City officials first unveiled the "drought busters" patrol in the early 1990s. Their blue T-shirts and patches with images of crossed-out drippy faucets were reminiscent of the "Ghost Busters" movie logo.

    Now, to be taken more seriously, the unit has been outfitted with gray uniforms and renamed the water conservation team. There are similar programs in some other U.S. cities.

    "They're in fact educators and ambassadors to the public," said H. David Nahai, who renamed the team and oversees the agency. "They deserve to have a title that is reflective of the gravity of the situation."

    Officials also learned blue was not the best color to wear in some neighborhoods.

    "It's unfortunate but in Los Angeles red and blue are associated with gangs," said Nance Walker-Bonnelli, who oversees the team. "One team member just wouldn't wear his shirt if he went into certain areas of the city."

    Ballengar, a patient man with an easy laugh, has endured his fair share of name-calling from customers who have yet to embrace him as a water ambassador. On loan from another department, he just shrugs it off.

    "I have thick skin," he said. "My regular job is bill collections."

    On more than one occasion, Ballengar has heard from gardeners that it's their employers who insist on watering during the day to maintain their yards and gardens.

    "They want their yard taken care of a certain way," he said.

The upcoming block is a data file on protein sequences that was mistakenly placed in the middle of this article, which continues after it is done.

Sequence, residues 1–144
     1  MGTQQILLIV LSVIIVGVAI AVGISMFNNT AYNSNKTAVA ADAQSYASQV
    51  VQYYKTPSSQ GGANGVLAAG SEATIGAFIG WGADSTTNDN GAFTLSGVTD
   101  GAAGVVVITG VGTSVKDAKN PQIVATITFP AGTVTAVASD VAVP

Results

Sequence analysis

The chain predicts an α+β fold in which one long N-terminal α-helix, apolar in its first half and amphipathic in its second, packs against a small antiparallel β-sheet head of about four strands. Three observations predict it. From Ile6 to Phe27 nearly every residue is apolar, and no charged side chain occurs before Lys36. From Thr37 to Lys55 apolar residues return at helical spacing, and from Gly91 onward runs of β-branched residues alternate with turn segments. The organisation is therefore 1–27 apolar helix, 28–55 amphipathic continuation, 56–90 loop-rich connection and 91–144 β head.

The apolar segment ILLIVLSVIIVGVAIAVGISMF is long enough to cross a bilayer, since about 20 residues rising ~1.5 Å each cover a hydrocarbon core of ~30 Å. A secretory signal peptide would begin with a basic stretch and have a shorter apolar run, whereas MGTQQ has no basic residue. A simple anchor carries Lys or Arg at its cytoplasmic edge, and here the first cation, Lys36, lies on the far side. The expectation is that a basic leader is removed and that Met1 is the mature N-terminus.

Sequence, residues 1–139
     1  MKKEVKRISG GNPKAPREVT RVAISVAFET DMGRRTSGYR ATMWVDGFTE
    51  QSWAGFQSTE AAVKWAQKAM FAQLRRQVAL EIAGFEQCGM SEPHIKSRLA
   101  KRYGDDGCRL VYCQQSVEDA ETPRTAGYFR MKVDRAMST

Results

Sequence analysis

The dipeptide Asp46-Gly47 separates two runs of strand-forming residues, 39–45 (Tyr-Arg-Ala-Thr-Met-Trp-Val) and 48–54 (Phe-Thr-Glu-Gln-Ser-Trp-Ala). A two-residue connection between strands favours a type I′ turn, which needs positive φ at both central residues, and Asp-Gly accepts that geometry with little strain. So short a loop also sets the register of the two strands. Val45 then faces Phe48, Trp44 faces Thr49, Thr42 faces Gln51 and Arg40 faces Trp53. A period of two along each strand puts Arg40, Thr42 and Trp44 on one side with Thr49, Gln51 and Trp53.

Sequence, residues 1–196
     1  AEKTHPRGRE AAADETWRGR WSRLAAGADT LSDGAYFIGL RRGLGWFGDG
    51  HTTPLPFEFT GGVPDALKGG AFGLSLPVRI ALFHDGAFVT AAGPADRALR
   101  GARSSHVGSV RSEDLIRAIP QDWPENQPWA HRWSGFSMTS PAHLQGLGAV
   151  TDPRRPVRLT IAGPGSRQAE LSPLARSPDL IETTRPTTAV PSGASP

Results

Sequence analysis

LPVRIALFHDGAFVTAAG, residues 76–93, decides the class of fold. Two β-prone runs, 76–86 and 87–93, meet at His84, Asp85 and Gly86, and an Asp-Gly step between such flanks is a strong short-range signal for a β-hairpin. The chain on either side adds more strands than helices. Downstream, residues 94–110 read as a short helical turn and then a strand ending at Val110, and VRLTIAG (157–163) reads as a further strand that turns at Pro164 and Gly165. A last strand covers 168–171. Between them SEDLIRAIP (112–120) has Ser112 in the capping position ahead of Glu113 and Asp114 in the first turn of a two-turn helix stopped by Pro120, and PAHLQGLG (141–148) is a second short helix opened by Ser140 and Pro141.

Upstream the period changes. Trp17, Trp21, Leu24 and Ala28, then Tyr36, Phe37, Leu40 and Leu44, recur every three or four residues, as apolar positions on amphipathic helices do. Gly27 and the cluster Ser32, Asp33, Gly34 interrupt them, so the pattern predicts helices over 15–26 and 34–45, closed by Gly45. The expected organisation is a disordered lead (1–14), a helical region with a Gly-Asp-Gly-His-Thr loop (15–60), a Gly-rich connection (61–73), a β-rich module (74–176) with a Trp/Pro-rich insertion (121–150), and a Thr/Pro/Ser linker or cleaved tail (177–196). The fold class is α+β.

He has also run across some surprising situations.

    One resident tattled on four of his neighbors in regular order every week. A group of dedicated conservationists anointed themselves citizen busters and patrol their own neighborhoods, calling in everything from broken sprinklers to mysterious puddles of water.

    The most curious case, however, came from the San Fernando Valley, where an elderly shut-in was apparently draining and refilling her pool every three days, wasting thousands of gallons of water a week.

    "As soon as we opened up our mailbox everyone on her street reported her," Walker-Bonnelli said. "We left that one in the hands of health and safety."

    Not even the governor, who has urged Californians to save water, is safe from scrutiny. On a recent afternoon Ballengar drove past split rail fences and horse barns into the gates of the upscale community where Schwarzenegger lives in the Brentwood area.